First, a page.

- August 21, 2019
- Posted by: Alex C
- Category: FDR Updates
The conclusion from the literature is that children want to have a voice but not make the decisions about custody or access. As well, children have the right to be heard as part of the United Nations Convention for the Rights of the child, ratified by Canada (Article 12).
Including the voice of the child can increase the Parenting Coordinator’s (PC) understanding of the child’s needs and wishes with more accuracy. Parents who need a PC often present opposing views about the child’s needs and wishes. Using a voice of the child report can help alleviate this problem and help the parents focus on the child’s needs and well- being.
There are cases, however, where meeting with the child might be contraindicated. The PC must learn to discern if the child’s voice should be considered, and when and how to include the child’s voice for the benefit of the child and family, and the goals of the intervention.
Why do PCs need specific training for the Voice of the Child?
PCs work, generally, with moderate to high conflict parties, and this can be a mine field for the PC. As well, the parents’ relationship can be a mine field for the child. It is important to not put the child at risk for further harm, whether that derives from the PC’s lack of skill, the parental conflict, or retribution because of what the child said. There are many considerations that when played out, could assist the process and help to decrease conflict, or could exacerbate it.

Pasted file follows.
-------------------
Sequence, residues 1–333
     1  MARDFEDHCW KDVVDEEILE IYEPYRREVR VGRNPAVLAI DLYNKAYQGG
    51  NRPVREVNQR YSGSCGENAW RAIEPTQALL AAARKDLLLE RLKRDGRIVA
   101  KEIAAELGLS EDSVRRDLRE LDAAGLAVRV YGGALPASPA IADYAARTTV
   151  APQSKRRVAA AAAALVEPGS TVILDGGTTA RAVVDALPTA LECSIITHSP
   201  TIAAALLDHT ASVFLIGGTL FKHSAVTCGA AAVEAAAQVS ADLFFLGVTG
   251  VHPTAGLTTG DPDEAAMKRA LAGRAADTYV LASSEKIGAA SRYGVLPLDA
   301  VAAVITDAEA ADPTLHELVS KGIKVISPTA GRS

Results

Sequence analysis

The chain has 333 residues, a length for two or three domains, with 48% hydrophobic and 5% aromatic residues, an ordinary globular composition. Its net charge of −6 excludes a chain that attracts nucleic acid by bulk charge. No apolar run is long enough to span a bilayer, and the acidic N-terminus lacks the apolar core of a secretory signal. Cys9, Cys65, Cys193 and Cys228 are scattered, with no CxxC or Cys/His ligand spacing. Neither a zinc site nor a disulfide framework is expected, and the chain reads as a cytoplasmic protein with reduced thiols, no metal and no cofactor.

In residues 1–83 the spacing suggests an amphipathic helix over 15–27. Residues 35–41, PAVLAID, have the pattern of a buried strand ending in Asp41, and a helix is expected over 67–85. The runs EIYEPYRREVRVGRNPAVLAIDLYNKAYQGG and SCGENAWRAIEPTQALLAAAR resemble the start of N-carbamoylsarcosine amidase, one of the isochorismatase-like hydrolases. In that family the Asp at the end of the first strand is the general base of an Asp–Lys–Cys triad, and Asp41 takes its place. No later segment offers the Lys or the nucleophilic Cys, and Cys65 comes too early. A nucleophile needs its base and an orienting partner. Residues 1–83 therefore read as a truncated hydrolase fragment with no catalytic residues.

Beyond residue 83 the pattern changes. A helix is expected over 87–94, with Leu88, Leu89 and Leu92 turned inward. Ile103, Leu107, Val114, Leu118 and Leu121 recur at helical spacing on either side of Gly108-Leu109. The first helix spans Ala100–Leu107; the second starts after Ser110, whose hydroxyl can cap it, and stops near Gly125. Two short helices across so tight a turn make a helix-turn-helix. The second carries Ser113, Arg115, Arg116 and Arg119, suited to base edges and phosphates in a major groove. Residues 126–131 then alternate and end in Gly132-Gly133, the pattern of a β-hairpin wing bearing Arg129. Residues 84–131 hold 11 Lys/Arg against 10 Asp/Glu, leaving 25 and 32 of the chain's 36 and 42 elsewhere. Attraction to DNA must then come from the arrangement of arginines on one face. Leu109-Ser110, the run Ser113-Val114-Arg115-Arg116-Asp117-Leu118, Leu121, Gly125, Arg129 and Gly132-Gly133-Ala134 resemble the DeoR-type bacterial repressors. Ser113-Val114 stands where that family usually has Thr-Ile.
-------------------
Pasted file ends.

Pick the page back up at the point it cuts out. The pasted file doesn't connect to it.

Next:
Potential complaints to the PC’s registration or accreditation body or issues around liability can be exaggerated by the nature of the work with high conflict parents. If the PC lacks sufficient training and experience, it can give the parent(s) ammunition. It is not unusual for one, or at times, both parents to try to undermine the PC. Knowing the potential traps and how to do the work without adding to your liability is important.
Further, insufficiently trained PCs interviewing children can lead children to tell you want they think you want to hear, instead of what is really going on for them. The lack of skill may increase the trauma/stress for the child or cause the child to shut down. It is crucial that professional consideration be given to the goals of the work in relation to the process and the child’s trauma/stress. Not only are there many process issues to consider, there are many ethical issues that can arise from this work including confusion about who the client is, the child or the parents.
For more information about upcoming Voice of the Child training, see the announcements section below.